With The Great British Bake Off now back on UK television screens, the baking fever has once again taken hold in the UK. We gasp in wonder watching contestants create intricate masterpieces out of dough, and laugh along at other unfortunate moments like the onset of melting icing. Baking shows like this have become a big part of prime-time television (the latest GBBO series pulling in a record 5.8 million viewers for new broadcaster Channel 4) and viewers are excited by the prospect of recreating these tasty creations for themselves.
As a result, shows like The Great British Bake Off have done wonders for baking brands, inadvertently acting as big ads for ingredients, tools, and products. Recently, UK department store John Lewis (famous for its tear-jerker holiday ads) reported a huge spike in sales for its baking tools, as customers become inspired to do their own baking. The same can be said for other UK retailers, like supermarket chain Tesco, who celebrated an 80% rise in sales for samphire, a sea vegetable, thanks partly to the ingredient being used in recipes in cooking show Sunday Brunch and Saturday Kitchen.
This year, The Great British Bake Off moves from the BBC to commercial-run Channel 4, with Dr. Oetker and Lyle’s Golden Syrup named as the first ever sponsors. It’s the first time that Dr. Oetker has ever sponsored a prime-time TV show. Additionally, this move marks Lyle’s return to TV advertising after over 25 years.
Spotlight On: Lyle’s & Treacle
No doubt, this partnership will do well to impact Lyle’s brand. With The Great British Bake Off being a popular prime-time show, Lyle’s will be at the front of its target consumer audience. Yet, it’s clear that as we watch popular TV programmes, we are also ‘dual screening’ by searching on our mobiles, with the potential to make a purchase.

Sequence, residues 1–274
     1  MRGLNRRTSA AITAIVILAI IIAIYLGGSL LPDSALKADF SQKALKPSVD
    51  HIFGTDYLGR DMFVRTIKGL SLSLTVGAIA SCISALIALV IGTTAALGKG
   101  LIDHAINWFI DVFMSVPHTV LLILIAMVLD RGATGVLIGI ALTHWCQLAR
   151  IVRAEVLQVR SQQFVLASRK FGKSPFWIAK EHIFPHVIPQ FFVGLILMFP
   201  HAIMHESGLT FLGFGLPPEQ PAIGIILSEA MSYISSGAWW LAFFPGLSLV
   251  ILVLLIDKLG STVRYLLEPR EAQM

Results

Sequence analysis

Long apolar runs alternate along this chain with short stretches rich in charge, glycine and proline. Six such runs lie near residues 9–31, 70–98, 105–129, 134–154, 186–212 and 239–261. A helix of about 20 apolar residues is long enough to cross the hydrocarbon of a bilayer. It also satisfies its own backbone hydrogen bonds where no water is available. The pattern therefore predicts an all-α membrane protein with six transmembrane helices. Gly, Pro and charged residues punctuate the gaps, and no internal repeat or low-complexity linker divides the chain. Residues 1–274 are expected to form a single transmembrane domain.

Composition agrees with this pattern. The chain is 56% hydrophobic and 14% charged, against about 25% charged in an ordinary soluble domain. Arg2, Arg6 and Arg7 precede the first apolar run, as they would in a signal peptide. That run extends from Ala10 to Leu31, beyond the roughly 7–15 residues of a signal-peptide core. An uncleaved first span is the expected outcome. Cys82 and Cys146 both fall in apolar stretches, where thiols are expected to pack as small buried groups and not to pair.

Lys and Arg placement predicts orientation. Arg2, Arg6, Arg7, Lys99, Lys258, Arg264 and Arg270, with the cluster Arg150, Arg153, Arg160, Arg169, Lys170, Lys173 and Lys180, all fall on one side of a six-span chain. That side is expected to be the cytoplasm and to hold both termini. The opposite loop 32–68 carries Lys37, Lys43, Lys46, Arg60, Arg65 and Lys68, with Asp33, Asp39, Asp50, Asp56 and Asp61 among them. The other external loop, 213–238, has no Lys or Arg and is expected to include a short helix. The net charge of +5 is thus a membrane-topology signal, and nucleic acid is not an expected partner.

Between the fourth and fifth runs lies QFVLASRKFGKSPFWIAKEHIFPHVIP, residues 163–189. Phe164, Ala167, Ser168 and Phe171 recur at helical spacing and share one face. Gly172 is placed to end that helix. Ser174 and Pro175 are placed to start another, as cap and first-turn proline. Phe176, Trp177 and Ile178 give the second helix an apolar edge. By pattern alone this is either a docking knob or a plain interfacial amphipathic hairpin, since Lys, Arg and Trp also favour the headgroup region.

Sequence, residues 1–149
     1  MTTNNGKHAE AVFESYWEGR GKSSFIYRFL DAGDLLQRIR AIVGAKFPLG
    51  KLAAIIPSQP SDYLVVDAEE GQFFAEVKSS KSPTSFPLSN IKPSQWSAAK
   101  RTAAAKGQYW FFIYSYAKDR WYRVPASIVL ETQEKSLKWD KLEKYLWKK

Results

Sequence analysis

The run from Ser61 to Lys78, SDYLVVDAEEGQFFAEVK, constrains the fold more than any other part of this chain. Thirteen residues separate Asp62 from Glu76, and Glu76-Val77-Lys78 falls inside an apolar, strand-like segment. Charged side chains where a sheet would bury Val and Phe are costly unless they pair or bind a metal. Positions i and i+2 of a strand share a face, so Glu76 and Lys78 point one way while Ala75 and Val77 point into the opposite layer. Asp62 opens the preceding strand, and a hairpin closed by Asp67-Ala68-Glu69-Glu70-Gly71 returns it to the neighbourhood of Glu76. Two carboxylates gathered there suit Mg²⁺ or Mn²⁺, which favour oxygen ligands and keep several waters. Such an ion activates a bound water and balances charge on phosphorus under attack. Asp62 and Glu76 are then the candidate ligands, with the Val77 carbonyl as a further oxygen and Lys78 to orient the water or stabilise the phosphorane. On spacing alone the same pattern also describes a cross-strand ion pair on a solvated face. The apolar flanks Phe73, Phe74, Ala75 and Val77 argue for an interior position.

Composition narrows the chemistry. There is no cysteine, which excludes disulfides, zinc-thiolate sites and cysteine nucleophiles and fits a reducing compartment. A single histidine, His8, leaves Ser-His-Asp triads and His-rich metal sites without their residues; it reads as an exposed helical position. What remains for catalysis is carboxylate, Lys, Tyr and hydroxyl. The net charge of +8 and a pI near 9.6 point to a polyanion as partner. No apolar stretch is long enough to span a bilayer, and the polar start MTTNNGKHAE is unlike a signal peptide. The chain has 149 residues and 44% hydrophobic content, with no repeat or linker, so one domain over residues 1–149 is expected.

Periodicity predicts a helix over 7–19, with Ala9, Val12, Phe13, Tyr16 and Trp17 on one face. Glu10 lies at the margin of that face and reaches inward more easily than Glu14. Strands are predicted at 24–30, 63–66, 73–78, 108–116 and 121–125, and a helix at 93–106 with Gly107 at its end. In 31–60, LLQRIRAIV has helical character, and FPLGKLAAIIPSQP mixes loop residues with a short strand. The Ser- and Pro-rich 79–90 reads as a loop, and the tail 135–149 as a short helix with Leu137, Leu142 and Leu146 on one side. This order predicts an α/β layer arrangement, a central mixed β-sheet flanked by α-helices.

At mporium, we carried out some analysis of the search results around the generic term ‘treacle’, noticing that interest in the product can sometimes arise in the most unlikely of places on British TV.
After a character offered another ‘treacle tart’ on 70s sitcom George and Mildred, interest in the product went up at 6:23am. Similarly, chef James Martin explored unique ways of using it as a type of glaze on steak, in James Martin’s French Adventure at 12:40 pm. The product also spiked at 13:08 after a place called Treacle Bolly was featured in an episode of Countryfile.
From this, it’s evident that by identifying these unique TV moments where interest in treacle spikes, treacle brands like Lyle’s can benefit from what is going on.
The Possibilities of Search
It makes sense then for marketers to advertise brands in search during these ‘micro-moments’ where interest in a product is likely to increase. In order to monetize the opportunity, marketers have the power to turn their adverts on in the real-time search results. By identifying these ‘micro-moments’ brands are able to reach new audiences, and in moments you wouldn’t normally expect – like in a Sunday morning re-run of classic sitcom George and Mildred.
This method not only works for attracting new consumers but maximising exposure of existing ones. Lyle’s may have already invested big money to sponsor the new series of The Great British Bake Off. However, search-based advertising is also a good solution for other brands that may be a little more hesitant to splash the cash.
It is also a way for advertisers to get around the popular programmes that are either placement free or do not have ads. In effect, marketers can still benefit from ‘digital’ product placement by optimising these ads in real-time as potential customers search via their mobile phones.
It’s evident that a £4m sponsorship deal will be effective for Lyle’s to get in front of its consumer audience. However, brands will also need to work with the right technology to identify these moments in order to monetize the opportunity. By placing ads in these key moments, marketers will be able to get ahead and target consumers just as inspiration strikes them.